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October 1996, Vol. 119, No. 10
Workers in alternative employment arrangements
Sharon R. Cohany
M ost workers are employees of the same organization for which they carry out their assignments. Most also have an established schedule for reporting to work. There always have been exceptions, however. In recent years, a perception has emerged that the number of exceptions is growing, that employment is more frequently being arranged by intermediaries, and that work schedules are becoming less standardized. In order to obtain information on workers employment arrangements, a special survey was conducted for the Bureau of Labor Statistics as a supplement to the February 1995 Current Population Survey (CPS).1 This article discusses the survey findings on four groups of workers considered to be in "alternative" arrangements: independent contractors, temporary help agency workers, employees of contract companies, and on-call workers.
Approximately 12 million persons, or 10 percent of the work force, fell into at least one of the four categories.2 (See exhibit 1.) The largest was independent contractors, with 8.3 million, followed by on-call workers (2 million), temporary help agency workers (1.2 million), and contract company employees (650,000). As this article will detail, workers in these arrangements differed sharply from one another. For example, temporary help agency workers tended to be young women who were dissatisfied with their work arrangement, while independent contractors were likely to be middle-aged and older men who were very satisfied with their work.
Another major focus of the 1995 survey was the measurement of contingent workers, defined as workers who have no implicit or explicit contract for ongoing employment.3 Other articles in this issue discuss aspects of contingent workers in detail. It is important to note that the classification of workers in alternative arrangements was made separately from that of contingent workers. Workers in alternative arrangements were contingent only if they met the criteria for contingency. For instance, some contract company employees may have perceived their job as temporary and consequently were classified as contingent workers; on the other hand, many of the workers in contract companies had an expectation of ongoing employment and were not classified as contingent. Moreover, some contingent workers jobs fell into one of the alternative arrangements, but in fact, most contingent workers were in regularly scheduled jobs that did not involve intermediaries.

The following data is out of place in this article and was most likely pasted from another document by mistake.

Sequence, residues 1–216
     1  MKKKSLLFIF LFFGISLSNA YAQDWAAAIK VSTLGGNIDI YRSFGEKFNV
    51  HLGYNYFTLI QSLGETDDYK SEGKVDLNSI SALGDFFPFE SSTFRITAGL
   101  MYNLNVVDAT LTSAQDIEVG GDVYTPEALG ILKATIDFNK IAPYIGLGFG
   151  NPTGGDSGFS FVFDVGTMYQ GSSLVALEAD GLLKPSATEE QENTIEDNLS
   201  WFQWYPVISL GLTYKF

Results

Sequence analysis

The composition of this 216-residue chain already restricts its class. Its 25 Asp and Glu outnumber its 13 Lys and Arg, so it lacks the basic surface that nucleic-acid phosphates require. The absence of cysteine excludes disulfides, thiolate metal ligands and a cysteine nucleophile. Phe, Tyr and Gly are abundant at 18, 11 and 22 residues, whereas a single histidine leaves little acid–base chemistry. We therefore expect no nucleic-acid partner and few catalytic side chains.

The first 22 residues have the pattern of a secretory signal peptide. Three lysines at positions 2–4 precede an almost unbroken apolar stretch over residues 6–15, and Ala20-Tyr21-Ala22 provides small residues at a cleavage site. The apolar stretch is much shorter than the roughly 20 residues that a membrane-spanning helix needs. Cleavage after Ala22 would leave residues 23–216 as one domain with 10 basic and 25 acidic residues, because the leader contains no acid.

In the next four sections, each alternative work arrangement will be discussed in some detail, including the 1995 demographics of the workers, the characteristics of the jobs they held, and the extent to which their jobs were contingent. Companion articles in this issue by Anne E. Polivka, Steven Hipple, and Jay Stewart discuss data from the CPS concerning earnings and benefits of workers in alternative arrangements, as well as employment and earnings characteristics of contingent workers; Donna Rothstein uses data from the National Longitudinal Survey to examine aspects of workers in nonstandard employment arrangements.
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1 The CPS, the major source of information on employment and unemployment, is a sample survey conducted monthly for the Bureau of Labor Statistics by the Bureau of the Census. The sample consisted of 56,000 households in February 1995. A combination of in-person and telephone interviews is used; the respondent can be any knowledgeable member of the household aged 15 or older. Periodically, supplementary questions are added to the basic CPS questionnaire to elicit information on selected characteristics of workers. In February 1995, the first supplement on contingent and alternative work arrangements was conducted. All employed persons, except unpaid family workers (a very small group numerically), were included in the supplement. For persons holding more than one job, the questions referred to the characteristics of their main job (the one at which they worked the most hours). Because this was a one-time survey, it was not possible to assess the effect of seasonal variation on the estimates of alternative arrangements or to determine whether such arrangements have become more common.
2 Information from the 1995 survey was released initially as Contingent and Alternative Work Arrangements, Report 900 (Bureau of Labor Statistics, August 1995). An additional analysis of these and other data on job security appeared in Report on the American Workforce (U.S. Department of Labor, 1995), chapter 1.
3 See Anne E. Polivkas article on pages 39, this issue, which presents three estimates of contingency based in part on actual and expected job tenure. For the theoretical underpinnings of the concept of contingency, see Anne E. Polivka and Thomas Nardone, "On the definition of contingent work, " Monthly Labor Review, December 1989, pp. 916.
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